Top 5 Different Types of Coffee, Explained
I don't know about the rest of you, but if you give me a menu with a list of coffee drinks and ask me to order, I will most definitely greet you with a blank look on my face because I simply don't know which is which and the damned difference between them. So, I decided to educate myself on coffee drinks and here's what I found out. You're welcome.
Here are the top 5 different types of coffee, explained.
Espresso is the starting point of most coffee drinks. It has no milk and is probably the purest form of coffee. It is brewed by an espresso machine that forces a small amount of boiling water under high pressure through a finely ground consistency of coffee. It has a thick texture, high concentration and sometimes a bit of crème (an oily texture found at the top of espresso). Espresso is generally served in a small, petite cup.
An Americano is a style of coffee prepared by adding hot water to espresso. It's said to have originated when the American fleet was in Europe during World War II. At the time, American taste buds weren't quite ready for the strong taste of espresso, so a more diluted version of the drink was created. The strength of an Americano depends on the number of shots of espresso added to the water.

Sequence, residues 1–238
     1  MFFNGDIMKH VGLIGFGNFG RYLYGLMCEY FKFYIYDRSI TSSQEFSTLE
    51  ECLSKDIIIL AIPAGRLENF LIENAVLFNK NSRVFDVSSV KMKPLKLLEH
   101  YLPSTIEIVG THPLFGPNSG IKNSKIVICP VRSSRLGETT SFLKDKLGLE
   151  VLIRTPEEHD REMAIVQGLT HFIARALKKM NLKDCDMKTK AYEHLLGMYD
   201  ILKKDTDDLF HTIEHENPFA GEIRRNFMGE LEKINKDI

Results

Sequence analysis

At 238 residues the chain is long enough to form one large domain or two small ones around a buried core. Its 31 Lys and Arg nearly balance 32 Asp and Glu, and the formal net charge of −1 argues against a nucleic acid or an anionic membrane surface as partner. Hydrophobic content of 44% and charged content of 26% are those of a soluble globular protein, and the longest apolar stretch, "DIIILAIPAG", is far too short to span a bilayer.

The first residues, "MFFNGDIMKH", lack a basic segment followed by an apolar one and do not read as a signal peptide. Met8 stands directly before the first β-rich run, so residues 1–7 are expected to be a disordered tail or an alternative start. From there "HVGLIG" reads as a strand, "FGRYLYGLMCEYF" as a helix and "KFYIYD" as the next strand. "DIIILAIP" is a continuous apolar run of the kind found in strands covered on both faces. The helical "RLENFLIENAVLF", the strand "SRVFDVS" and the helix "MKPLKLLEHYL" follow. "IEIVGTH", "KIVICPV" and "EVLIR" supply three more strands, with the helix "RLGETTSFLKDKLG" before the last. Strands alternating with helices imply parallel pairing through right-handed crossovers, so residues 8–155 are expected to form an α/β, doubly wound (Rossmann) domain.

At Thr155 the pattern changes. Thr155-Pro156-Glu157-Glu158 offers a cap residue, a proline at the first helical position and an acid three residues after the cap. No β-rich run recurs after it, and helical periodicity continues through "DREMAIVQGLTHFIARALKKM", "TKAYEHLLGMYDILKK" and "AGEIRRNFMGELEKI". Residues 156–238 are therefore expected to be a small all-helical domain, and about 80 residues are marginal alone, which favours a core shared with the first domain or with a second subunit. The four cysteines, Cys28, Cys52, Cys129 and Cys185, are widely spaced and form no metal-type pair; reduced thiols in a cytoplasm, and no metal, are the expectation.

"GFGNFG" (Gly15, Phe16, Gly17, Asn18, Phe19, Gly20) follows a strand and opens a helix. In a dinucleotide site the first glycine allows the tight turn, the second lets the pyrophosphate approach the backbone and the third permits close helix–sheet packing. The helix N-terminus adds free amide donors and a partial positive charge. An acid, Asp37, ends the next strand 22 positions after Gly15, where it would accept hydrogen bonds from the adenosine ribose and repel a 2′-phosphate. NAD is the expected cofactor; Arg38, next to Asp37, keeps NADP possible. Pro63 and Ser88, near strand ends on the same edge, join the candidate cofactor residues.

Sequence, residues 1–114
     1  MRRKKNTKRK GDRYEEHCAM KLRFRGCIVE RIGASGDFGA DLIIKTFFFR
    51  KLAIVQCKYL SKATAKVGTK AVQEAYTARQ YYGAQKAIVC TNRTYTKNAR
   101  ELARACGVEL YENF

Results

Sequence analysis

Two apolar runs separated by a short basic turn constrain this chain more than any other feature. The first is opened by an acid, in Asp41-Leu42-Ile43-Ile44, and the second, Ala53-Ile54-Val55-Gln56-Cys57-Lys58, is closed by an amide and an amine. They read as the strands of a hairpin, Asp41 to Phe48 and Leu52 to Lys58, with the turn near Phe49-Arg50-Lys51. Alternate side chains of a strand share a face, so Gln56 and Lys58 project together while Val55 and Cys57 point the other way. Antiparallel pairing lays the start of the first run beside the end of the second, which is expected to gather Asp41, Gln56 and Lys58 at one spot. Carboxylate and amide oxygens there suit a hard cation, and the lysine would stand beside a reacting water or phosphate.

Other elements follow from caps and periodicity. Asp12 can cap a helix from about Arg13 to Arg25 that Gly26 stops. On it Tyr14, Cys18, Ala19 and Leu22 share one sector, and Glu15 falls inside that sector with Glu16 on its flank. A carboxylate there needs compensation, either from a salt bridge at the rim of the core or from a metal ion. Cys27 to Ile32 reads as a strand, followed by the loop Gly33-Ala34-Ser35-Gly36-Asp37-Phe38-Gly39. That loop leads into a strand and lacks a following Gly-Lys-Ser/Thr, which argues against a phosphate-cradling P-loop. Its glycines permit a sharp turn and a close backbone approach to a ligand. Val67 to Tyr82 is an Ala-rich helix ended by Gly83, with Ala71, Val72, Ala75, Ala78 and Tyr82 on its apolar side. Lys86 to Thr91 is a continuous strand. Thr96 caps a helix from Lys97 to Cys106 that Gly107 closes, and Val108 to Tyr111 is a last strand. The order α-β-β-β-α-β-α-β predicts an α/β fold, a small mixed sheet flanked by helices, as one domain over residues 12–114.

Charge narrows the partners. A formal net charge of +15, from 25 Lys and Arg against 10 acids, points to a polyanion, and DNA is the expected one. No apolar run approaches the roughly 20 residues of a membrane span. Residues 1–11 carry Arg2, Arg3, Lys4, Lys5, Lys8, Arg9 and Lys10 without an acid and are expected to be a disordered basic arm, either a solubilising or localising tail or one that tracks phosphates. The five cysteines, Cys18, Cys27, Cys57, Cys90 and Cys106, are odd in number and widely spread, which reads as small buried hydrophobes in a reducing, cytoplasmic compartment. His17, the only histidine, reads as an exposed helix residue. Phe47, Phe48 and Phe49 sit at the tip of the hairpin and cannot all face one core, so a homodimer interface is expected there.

Cappuccino is basically an espresso-based drink with a surface topped with foamed milk, often garnished with a type of ground spice (generally cinnamon or nutmeg). In a cappuccino, the espresso is poured at the bottom of the cup, followed by an equal amount of hot milk, which is prepared by creating a froth using an espresso machine steam wand. This foamed surface of the drink is generally decorated with drawings made with the same milk. Cappuccino can be classified into two kinds: wet and dry cappuccino, depending on the amount of milk used in the coffee. Wet cappuccino has a greater quantity of milk whereas dry cappuccino has a smaller quantity of milk giving the coffee a stronger flavour profile.
A latte is made with espresso and steamed milk. It has more milk than cappuccino. The steamed milk is added slowly, mixing the milk and the shot of espresso, leaving just a small amount of foam on top. In simpler terms, latte is oversized cappuccino, minus the foam.
Café mocha is similar to a café latte where a portion of chocolate is added, usually in the form of sweet cocoa powder or chocolate syrup. Mochas can contain dark or milk chocolate.
A lot of coffee shops use flavours like vanilla, hazelnut and many more. Café mocha usually has milk froth on top but sometimes they're served with whipped cream instead, topped with a dusting of either cinnamon or cocoa powder.
Nazifa Raidah is a paranoid teen, who obsesses over oven baked pasta by day and still checks for monsters underneath her bed at night. Send her life advice at [email protected]